Voting by Mail Is the Hot New Idea. Is There Time to Make It Work?

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The coronavirus has left states rapidly searching for ways to protect democracy’s most sacred institution.

New York Times: In Wisconsin, Democrats sued elections officials to extend voting deadlines.

In Rhode Island, the secretary of state wants all 788,000 registered voters to receive absentee ballot applications.

In Maryland, a special election to replace the late Representative Elijah E. Cummings will be conducted entirely by mail.

As the coronavirus outbreak upends daily life and tears at the social fabric of the country, states are rapidly searching for ways to protect the most sacred institution in a democracy: voting.

With gatherings of people suddenly presenting an imminent health threat, state officials and voting rights activists have begun calling for an enormous expansion of voting by mail — for both the remaining Democratic presidential primary race and, planning for the worst-case scenario, the general election in November.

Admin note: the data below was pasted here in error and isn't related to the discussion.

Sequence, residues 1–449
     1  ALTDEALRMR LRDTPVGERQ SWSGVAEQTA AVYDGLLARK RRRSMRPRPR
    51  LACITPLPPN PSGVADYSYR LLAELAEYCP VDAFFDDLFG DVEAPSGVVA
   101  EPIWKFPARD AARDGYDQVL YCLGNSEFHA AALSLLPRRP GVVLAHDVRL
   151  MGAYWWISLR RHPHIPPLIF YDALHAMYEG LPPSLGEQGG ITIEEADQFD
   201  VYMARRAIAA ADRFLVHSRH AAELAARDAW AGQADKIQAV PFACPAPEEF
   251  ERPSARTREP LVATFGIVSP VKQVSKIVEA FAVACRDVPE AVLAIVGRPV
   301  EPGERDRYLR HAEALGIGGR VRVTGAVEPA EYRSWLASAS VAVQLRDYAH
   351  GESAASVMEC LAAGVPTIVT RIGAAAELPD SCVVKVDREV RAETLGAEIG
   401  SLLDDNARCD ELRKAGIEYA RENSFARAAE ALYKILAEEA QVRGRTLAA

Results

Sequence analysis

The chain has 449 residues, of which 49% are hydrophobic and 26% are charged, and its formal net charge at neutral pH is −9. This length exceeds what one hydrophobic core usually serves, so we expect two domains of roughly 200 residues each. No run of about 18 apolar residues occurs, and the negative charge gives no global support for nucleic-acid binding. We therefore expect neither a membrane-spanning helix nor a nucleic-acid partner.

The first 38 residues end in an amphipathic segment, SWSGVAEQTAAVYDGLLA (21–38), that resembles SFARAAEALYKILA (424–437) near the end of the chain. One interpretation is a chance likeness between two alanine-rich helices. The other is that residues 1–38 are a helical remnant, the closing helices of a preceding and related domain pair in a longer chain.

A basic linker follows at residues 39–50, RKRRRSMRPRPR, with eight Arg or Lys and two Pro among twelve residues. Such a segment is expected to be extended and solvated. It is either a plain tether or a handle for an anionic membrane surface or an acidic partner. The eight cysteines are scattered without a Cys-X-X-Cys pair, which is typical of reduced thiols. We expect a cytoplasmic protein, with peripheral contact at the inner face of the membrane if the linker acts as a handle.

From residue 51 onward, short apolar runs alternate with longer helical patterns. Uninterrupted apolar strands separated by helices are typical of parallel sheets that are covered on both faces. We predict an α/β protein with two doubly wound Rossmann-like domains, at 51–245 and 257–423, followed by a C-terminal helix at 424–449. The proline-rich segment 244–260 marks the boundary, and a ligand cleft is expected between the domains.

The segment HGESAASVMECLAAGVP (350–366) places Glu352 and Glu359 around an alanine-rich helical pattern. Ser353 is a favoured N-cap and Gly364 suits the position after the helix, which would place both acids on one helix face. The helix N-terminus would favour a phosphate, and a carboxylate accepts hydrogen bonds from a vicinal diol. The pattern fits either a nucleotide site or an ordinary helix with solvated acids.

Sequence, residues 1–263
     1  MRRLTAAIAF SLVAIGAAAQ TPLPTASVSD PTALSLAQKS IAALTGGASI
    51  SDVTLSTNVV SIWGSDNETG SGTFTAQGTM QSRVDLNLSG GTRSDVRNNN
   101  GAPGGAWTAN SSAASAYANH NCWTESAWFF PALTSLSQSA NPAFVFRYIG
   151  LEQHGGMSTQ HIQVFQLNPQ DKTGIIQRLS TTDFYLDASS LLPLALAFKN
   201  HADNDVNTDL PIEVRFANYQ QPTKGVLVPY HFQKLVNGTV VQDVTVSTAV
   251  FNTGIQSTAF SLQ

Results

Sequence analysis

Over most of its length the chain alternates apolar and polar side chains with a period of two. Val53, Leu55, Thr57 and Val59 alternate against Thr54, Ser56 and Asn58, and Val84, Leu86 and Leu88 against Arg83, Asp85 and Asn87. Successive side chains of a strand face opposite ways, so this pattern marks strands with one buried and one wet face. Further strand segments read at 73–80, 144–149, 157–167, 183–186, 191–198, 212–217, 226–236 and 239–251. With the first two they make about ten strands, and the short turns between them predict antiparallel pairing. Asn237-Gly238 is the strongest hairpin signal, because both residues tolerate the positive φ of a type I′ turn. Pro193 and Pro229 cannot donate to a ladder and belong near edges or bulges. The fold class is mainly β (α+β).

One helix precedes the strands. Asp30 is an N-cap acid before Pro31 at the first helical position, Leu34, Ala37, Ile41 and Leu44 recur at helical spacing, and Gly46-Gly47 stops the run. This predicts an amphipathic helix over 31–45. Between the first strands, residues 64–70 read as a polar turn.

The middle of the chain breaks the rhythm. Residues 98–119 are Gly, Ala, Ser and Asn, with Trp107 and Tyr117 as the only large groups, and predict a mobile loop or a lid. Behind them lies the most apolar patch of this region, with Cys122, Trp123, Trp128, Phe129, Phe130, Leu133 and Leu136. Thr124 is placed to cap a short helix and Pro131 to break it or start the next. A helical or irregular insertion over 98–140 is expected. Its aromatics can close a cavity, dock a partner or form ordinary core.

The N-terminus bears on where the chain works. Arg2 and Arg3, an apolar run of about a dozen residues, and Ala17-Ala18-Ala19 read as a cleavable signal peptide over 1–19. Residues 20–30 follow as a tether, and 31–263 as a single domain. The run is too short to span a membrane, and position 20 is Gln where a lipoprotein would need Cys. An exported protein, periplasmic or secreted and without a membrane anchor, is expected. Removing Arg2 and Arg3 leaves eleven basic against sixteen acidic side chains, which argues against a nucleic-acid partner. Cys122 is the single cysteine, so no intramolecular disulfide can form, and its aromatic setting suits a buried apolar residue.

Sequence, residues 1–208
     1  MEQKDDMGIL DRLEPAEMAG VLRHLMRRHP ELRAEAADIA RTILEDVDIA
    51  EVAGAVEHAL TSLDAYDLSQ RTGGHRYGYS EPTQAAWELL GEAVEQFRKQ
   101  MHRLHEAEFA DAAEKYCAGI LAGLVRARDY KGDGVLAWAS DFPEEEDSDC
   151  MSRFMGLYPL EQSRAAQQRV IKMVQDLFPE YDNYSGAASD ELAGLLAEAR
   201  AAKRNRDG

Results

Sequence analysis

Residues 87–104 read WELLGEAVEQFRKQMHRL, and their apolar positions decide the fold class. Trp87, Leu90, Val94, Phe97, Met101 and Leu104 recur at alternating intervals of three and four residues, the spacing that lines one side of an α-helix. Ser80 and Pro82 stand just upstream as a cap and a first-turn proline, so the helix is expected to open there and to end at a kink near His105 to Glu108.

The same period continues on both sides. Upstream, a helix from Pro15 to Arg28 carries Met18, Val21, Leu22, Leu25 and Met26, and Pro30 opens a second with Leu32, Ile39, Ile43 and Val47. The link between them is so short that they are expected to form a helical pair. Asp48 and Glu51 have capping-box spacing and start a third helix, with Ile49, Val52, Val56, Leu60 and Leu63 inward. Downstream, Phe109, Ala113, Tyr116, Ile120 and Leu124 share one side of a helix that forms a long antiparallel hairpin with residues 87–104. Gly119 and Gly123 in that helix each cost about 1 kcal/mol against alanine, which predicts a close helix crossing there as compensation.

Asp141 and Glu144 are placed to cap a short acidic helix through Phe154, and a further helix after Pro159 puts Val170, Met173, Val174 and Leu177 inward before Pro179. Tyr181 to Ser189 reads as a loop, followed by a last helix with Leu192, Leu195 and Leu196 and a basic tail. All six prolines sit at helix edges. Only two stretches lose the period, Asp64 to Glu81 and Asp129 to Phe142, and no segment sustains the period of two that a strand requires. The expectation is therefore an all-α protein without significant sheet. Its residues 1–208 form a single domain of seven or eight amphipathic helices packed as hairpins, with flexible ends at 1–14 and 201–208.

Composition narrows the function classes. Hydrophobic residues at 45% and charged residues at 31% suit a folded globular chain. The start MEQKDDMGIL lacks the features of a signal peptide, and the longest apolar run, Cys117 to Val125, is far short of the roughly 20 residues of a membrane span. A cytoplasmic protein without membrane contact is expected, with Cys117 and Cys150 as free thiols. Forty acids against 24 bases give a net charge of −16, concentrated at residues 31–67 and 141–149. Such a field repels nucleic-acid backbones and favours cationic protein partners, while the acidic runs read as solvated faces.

“The D.N.C. is urging the remaining primary states to use a variety of other critical mechanisms that will make voting easier and safer for voters and election officials alike,” Tom Perez, the chairman of the Democratic National Committee, said in a statement late Tuesday. “The simplest tool is vote by mail, which is already in use in a number of states and should be made available to all registered voters.”

While rules vary somewhat state to state, 33 states and the District of Columbia currently collect ballots by mail or permit “no excuse” absentee voting, in which people can vote absentee for any reason. Colorado, Washington State and Oregon have all-mail elections.  Read more.